This brings into focus the fact that though four Arab rulers have fallen, including three in the Maghreb, the Arab Spring is not yet over. There is a very bloody struggle going on in Syria most notably, and that in Bahrain is not completely over. While in Bahrain Iran supports the Shia opposition, it also supports the Alawite regime in Syria. Friendship with Iran is also not good for Egypt-US relations because America wants Iran isolated internationally, and would not want any Iranian involvement in the Middle East.

This is another point of resemblance with Raja Pervaiz, who along with many other problems, inherited from Yousuf Raza Gilani a bad relationship with the USA, with a failure to reopen the Nato supply route. Perhaps, the most destabilising factor in the relationship has been Pakistan’s reluctance to let go. However, the big difference is that while Mursi is no longer bound by Ikhwan discipline, Raja Pervaiz is by the PPP’s. If the Ikhwan are anti-American, the PPP government has so far been anxious to prove its credentials to the USA, and show that it is best suited to carrying out its agenda in the region. This is why it not only has tried to do the US bidding on Afghanistan, but has also tried to get closer with India, which the USA is building up as a regional counterweight to China, and whose regional disputes it wants to see settled on Indian terms.

Here the Presidency becomes important. Though Raja Pervaiz is Prime Minister under a prime ministerial Constitution, he has been selected for the job, just as his predecessor was, by the President, Asif Ali Zardari. Raja Pervaiz is also supposed to refrain from writing a letter to Switzerland. In short, he is supposed to do what his predecessor did, and run the same risk. On the other hand, Mursi will become President. Though he owes his election to the Ikhwan, he has suddenly become bigger than it. And though he could be removed by the military, he does not have any court orders to obey. That also shows how the Egyptian judiciary, unlike the Pakistani, still seems a part of the establishment, not an independent organ of state.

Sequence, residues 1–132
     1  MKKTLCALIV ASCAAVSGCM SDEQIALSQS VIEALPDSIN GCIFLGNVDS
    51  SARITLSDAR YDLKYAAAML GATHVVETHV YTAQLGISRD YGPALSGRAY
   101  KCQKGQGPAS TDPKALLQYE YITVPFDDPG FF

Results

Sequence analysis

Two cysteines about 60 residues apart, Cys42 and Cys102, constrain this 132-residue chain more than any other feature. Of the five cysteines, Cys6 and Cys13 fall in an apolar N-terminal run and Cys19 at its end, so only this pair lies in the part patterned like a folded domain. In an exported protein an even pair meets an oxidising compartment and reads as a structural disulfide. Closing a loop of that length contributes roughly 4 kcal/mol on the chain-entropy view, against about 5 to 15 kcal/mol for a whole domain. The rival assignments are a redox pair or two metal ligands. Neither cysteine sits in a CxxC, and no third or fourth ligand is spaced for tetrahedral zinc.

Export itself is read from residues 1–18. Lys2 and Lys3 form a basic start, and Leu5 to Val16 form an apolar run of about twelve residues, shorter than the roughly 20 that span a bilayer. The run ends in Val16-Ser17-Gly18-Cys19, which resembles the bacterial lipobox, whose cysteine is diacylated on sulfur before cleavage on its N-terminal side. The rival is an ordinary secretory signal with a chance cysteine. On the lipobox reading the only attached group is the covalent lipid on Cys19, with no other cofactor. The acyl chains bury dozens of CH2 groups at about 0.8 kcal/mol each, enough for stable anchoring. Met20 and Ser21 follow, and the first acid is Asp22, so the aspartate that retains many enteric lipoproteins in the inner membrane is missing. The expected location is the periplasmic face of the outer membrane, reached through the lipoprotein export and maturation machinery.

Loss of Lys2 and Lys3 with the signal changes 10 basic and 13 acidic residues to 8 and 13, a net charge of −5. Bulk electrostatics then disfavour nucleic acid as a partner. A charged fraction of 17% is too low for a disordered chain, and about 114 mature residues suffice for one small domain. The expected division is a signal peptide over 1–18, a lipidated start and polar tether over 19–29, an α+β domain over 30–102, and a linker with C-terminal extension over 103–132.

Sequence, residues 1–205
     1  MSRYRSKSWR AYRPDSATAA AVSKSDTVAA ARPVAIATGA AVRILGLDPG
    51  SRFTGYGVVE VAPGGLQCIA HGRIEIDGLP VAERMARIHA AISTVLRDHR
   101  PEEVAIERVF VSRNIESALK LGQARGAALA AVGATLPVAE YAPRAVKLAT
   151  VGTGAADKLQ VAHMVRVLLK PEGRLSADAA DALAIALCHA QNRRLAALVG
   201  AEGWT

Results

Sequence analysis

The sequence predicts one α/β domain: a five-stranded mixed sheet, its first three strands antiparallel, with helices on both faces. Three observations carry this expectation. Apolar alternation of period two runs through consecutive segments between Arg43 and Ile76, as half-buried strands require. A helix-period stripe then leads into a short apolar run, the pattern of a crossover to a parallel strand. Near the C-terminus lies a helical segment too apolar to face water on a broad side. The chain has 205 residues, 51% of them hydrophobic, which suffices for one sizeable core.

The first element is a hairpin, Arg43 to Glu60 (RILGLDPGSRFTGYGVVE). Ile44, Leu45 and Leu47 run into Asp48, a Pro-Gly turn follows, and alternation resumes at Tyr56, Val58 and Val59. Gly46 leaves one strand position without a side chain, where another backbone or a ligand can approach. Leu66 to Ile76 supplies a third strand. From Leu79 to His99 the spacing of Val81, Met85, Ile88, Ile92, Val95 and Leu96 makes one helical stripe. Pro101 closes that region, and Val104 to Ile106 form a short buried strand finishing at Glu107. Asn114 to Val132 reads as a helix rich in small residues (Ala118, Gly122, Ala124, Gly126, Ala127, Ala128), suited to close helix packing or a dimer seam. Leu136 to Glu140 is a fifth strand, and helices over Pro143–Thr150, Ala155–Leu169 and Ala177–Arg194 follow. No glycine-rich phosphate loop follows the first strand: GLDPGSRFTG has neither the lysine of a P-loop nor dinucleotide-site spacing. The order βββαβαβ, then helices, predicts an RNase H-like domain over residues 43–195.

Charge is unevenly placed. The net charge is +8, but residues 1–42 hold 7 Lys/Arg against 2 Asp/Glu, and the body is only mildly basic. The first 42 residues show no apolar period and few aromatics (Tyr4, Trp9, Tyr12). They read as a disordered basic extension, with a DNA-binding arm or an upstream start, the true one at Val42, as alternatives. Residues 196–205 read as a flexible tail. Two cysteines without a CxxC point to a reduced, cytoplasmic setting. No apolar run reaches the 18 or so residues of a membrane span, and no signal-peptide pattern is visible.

Whether Mursi becomes a Gus Dur figure, as the first post-Suharto Indonesian President, Abdur Rahman of the Nahdlatul Ulema, was, an Islamist elected by the people’s enthusiasm, but then became a figure of fun, as Gus Dur did, because he was functionally blind, Mursi’s election shows that there is an Islamic sentiment among people, which will be represented in the elections. However, those are sentiments, and Indonesia, which is the largest Islamic country, is the example the USA hopes both Pakistan and Egypt will follow, by electing a pro-American President, who is a former Army Chief. However, the people all over the Muslim world are learning the lesson that Western democracy may not be transplantable, and it remains to be seen what lesson they do learn.

One of the things being taught in both Egypt and Pakistan nowadays is how far democracy can go. There is presently a disconnect between what democracy promises, and what it actually does. Democracy is not just about electing a President, but about fulfilling the wishes of the people. If those wishes do not conceivably coincide with the wishes of the USA, as they do neither in Egypt or Pakistan, there is a problem, for democracy has been arrogated to itself by the USA.

n    The writer is a veteran journalist and founding member as well as Executive Editor of TheNation.

    Email: maniazi@nation.com.pk